Overfull Employment

Overfull Employment

A situation in which the demand for labor exceeds supply. This results in wage and salary increases as employers try to attract employees. This, in turn, leads to employees spending more of their higher wages, which results in higher prices. According to some economists, overfull employment leads to inflation.
References in periodicals archive ?
Breaking this nexus, Ropke states, requires tough monetary policies from central banks "until the chain reaction of overfull employment and trade-union power, wage increases, price increases, and more wage increases is broken." (57) In some circumstances, governments may try running large budget surpluses to produce the same results, thereby sparing central banks from having to implement truly radical measures.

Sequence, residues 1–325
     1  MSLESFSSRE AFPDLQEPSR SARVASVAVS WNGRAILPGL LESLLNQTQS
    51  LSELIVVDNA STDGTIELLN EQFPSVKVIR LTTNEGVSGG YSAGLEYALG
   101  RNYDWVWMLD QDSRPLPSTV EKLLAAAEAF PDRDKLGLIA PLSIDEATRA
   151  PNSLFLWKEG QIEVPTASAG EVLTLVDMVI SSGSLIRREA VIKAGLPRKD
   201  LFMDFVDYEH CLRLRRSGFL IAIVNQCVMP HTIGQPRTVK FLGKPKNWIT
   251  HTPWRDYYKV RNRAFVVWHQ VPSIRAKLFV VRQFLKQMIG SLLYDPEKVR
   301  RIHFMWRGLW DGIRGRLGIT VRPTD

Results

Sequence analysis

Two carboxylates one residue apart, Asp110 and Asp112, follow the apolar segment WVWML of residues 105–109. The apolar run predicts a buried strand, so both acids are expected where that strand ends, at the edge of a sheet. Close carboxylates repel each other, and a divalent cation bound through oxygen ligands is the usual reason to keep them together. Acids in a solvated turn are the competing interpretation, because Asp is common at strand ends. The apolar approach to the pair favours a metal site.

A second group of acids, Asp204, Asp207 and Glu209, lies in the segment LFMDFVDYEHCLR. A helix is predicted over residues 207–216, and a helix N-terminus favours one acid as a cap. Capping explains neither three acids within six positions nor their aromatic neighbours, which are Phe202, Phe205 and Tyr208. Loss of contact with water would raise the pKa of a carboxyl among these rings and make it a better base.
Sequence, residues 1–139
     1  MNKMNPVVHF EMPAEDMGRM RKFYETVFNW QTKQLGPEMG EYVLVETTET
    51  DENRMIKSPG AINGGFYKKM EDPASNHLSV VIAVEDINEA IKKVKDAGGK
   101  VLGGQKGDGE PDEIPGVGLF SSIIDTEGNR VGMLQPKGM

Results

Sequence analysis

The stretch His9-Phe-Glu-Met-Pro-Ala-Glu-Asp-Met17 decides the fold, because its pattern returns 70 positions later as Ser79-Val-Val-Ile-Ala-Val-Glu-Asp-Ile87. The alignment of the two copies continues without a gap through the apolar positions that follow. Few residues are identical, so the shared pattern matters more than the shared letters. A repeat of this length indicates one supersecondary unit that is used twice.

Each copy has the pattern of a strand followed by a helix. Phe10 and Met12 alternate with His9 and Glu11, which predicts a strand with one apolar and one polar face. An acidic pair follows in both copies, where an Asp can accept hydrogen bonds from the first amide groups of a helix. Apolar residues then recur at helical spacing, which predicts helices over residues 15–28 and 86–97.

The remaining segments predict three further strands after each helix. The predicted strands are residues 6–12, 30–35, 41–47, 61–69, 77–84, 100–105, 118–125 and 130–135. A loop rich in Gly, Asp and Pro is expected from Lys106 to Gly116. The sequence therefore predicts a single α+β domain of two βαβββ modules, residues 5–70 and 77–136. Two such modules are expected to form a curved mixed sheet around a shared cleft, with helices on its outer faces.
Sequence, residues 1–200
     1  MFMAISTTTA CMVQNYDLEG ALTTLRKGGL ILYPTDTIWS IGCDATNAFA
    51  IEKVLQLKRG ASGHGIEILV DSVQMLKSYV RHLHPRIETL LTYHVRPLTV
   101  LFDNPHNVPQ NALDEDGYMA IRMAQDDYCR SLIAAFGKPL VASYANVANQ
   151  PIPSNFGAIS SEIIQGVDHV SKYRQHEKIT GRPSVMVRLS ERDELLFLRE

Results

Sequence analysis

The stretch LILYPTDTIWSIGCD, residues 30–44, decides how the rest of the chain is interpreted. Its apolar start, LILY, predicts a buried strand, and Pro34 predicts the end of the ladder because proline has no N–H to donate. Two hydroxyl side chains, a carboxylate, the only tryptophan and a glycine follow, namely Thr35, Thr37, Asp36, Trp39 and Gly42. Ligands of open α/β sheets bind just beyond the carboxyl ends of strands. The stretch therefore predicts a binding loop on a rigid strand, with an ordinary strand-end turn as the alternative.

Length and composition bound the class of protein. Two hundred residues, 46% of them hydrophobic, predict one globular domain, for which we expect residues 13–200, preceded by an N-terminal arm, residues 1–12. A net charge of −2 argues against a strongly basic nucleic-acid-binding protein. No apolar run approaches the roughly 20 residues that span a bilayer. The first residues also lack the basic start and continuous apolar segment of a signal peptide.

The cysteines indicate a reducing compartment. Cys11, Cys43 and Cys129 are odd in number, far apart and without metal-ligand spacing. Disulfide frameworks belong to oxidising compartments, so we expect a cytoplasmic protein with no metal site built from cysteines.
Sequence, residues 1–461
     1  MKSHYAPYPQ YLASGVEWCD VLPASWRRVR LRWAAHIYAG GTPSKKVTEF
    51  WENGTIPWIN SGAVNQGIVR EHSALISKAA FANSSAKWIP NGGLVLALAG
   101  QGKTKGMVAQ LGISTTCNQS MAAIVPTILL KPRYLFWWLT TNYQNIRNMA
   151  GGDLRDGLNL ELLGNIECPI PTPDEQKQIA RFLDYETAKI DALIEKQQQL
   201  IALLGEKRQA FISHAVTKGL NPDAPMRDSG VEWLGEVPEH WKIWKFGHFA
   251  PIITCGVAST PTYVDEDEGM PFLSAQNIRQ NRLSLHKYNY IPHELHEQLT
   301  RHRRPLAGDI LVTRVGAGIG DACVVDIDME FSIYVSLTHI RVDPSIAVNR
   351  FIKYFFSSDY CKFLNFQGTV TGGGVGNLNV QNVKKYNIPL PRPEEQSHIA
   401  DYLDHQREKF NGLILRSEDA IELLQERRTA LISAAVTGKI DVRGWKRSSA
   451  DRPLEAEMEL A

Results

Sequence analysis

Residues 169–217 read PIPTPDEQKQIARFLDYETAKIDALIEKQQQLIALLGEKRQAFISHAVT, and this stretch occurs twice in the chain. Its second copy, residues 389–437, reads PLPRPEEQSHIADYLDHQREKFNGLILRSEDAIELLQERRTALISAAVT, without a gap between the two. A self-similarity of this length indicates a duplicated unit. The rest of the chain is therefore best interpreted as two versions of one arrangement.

(6) Thus any major gains in Y/L would have to come from decreases in L, decreases that, in the new market environment, were in part dictated by the overfull employment policies of the pre-transition period.
The lack of a good theory relating employment to prices, the big weakness in the Keynesian political economy, meant that governments in 1960s-70s relied on incomes policy to achieve their overfull employment targets.